Fear, Suffering and Hope
MAY 11, 2023
Twenty-eight years ago today I became a mother. We had a beautiful baby boy. Fourteen years, three months and three days later God called him home.
It was unexpected, shocking, tragic and utterly unbearable.
For twenty-four hours I was numb. I kept waiting for it to be over, for the nightmare to end, to wake up and find I had imagined the whole thing. Then the pain hit. No one tells you about that kind of pain, that grief is a physical pain. It was like a knife in my chest, I could not breathe. I kept begging my husband, “make it stop, please make it stop” the poor man could barely function himself but he was totally focused on myself and the children getting through those days. Those first days. Fourteen years later and I can still call up that pain, it still surprises me, how physically you feel grief.
That kind of loss changes you forever. I bet if there was a way to test my brain chemistry or some other physical indicator before and after those tests would prove I am a different person. Because of that change, that grief, I am broken in a certain way that will never heal. I am also always afraid.
It is expected that we will lose a parent someday. It is awful but expected, and we might even lose a spouse or some siblings – but a child?? No.
So in comes the fear. Every time one of them leaves the house, or gets sick it comes over me in waves, what if it happens again?
That’s what that kind of loss does to you, it robs you of that sense of comfort that we all live in. The kind of tragedy that results in that kind of grief happens to other people. People you read about in the newspaper or online. People you pray for and feel sorry for but they are removed from you. Tragedy is for “other people”. Until it happens to you and you realize that you were living in this comfortable bubble and now the other people is you. Horrible things happen and now you are completely aware that they can happen to you. And it could again because the world is completely out of control and you can’t manage everything. It’s possible you will again be left behind.
That fear can immobilize you, it’s also imperative that you don’t pass it on to those you love. You can’t tell them that when they leave on an adventure that you are terrified you will never see them again, so you ask them to call or text when they arrive and you hope they keep in touch. You pray to their guardian angel and you never, ever let them leave without saying, “be careful, I love you,” because the last time you did that you never got another chance to do it. That fear can’t be part of their lives and you can’t let them suffer for your inability to process this part of the grief. They must be free to live their lives free from fear and to know I am ok with their adventurous spirits and desire to experience the whole world. It’s such a good thing.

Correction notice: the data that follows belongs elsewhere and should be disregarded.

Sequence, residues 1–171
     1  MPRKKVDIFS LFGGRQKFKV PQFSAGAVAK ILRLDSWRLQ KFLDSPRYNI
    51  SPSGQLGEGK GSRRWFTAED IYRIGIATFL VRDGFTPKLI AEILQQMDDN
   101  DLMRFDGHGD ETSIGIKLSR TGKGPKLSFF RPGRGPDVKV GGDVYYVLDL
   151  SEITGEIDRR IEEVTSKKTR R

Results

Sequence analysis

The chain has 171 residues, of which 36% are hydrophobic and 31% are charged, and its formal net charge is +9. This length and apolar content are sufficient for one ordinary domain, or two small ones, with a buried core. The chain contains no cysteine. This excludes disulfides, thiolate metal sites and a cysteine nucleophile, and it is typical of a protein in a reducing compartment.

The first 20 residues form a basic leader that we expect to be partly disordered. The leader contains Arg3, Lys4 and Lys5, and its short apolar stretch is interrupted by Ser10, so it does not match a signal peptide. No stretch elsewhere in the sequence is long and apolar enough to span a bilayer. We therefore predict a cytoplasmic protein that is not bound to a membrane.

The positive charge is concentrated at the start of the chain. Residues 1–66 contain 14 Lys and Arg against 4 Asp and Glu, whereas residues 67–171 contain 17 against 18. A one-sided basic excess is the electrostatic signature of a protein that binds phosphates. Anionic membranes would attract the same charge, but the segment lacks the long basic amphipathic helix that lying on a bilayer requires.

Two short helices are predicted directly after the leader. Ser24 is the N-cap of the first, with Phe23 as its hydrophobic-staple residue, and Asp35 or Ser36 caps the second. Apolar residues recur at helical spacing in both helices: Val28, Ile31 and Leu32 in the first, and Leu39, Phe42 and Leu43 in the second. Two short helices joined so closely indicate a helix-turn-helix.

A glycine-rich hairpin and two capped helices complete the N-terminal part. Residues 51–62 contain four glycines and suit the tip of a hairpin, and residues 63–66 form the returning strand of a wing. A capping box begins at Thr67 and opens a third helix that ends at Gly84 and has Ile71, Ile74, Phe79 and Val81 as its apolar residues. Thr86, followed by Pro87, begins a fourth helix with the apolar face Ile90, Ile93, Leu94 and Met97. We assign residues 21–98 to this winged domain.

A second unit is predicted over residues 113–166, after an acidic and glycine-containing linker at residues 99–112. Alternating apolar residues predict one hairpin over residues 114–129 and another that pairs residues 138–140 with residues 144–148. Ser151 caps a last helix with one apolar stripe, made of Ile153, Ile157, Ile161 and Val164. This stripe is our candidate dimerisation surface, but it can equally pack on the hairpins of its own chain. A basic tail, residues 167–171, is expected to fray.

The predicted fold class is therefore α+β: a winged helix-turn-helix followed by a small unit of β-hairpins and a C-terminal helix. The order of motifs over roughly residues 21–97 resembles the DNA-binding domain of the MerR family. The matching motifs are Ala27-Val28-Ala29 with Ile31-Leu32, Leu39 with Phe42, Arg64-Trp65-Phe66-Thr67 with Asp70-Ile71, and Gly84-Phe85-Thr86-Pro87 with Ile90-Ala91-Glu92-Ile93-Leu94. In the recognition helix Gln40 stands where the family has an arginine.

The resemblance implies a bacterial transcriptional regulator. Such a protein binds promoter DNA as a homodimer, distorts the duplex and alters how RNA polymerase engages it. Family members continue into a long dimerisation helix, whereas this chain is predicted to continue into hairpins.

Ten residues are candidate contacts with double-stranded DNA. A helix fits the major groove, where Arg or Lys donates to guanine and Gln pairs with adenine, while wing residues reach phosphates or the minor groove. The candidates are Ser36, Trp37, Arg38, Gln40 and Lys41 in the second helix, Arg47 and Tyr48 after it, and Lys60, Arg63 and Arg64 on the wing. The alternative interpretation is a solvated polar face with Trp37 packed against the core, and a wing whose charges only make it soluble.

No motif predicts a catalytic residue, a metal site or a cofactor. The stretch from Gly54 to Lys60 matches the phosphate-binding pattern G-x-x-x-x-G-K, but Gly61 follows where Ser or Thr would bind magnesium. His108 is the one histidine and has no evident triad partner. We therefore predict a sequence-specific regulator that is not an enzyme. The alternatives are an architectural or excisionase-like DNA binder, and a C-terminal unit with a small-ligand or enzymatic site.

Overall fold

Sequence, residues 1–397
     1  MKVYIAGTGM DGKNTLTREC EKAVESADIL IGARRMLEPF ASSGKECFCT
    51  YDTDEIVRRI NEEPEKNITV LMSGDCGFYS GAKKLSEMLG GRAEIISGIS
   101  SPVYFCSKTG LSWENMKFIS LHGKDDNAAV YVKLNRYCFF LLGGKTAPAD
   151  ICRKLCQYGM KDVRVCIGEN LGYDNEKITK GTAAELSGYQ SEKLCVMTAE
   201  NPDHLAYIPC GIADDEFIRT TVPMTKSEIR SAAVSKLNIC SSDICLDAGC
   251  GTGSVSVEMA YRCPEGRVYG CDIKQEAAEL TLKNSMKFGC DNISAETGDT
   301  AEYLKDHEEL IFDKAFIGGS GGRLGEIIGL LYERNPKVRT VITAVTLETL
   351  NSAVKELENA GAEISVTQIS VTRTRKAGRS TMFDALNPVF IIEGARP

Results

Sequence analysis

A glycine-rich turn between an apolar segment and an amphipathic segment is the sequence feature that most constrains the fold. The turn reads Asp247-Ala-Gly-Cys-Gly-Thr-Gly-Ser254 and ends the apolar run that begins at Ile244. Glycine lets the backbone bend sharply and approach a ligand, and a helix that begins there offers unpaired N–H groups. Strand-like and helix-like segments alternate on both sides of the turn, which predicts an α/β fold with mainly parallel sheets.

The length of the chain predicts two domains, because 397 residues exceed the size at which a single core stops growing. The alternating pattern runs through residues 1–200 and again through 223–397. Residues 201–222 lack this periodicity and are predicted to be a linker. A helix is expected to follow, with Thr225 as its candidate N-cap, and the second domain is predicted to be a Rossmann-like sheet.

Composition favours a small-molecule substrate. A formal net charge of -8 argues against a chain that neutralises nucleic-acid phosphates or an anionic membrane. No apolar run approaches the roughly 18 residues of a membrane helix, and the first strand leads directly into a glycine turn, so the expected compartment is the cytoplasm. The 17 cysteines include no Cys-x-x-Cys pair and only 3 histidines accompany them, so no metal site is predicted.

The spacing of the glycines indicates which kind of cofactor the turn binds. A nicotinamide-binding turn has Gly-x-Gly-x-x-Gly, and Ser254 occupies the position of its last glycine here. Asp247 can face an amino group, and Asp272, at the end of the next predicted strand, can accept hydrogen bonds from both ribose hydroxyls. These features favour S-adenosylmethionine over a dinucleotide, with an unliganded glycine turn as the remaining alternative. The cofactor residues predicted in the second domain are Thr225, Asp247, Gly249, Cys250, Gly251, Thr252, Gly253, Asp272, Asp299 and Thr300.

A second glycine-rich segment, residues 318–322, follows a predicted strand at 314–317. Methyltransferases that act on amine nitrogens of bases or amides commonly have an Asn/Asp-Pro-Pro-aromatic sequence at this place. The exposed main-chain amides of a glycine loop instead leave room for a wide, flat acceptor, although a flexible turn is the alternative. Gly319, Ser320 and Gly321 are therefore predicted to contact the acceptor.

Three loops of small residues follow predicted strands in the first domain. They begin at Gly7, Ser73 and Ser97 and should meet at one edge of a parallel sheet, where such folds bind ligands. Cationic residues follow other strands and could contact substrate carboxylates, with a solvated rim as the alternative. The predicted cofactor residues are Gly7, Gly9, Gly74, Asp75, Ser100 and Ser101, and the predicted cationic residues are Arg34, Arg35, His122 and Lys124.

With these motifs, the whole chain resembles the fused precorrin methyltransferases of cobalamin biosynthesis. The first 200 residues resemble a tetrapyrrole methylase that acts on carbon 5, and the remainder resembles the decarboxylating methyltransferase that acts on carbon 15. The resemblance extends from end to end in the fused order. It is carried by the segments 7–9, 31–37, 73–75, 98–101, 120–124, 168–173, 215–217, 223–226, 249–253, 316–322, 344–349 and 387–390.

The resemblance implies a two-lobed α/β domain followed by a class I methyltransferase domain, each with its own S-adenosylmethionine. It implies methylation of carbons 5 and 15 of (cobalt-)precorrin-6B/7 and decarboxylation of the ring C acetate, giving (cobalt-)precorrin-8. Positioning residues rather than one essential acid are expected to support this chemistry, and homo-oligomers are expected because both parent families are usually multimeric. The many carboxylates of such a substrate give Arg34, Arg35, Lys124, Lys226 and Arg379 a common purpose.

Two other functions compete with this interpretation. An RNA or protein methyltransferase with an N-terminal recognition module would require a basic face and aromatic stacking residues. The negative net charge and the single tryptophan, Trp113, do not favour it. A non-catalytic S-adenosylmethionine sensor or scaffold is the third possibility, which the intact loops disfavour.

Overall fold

Suffering is part of life and if you are Catholic you know it’s redemptive. No suffering is wasted.
1 Peter 5:10: “And after you have suffered for a little while, the God of all grace, who has called you to his eternal glory in Christ, will himself restore, support, strengthen, and establish you.”
So I stuff the fear way down, where it will probably erupt someday into an ulcer or aneurysm, and unite my suffering to the cross as best I can. Christ and His Blessed Mother have walked closely with us through this journey of loss, we have benefited from His tender care but it is still so hard to be left behind. To know that he should be one of the children at my bedside when I pass into eternal life and knowing that he went without the comfort of his mother. His hand should have been in mine at the very least but that comfort was denied us. So we take comfort where we can, answered prayers, little miracles, stories of his silliness, his love of family, faith and his music. It helps.
To be left behind is indescribably painful but we wait in hope to be reunited someday. Until then I long for his beautiful smile.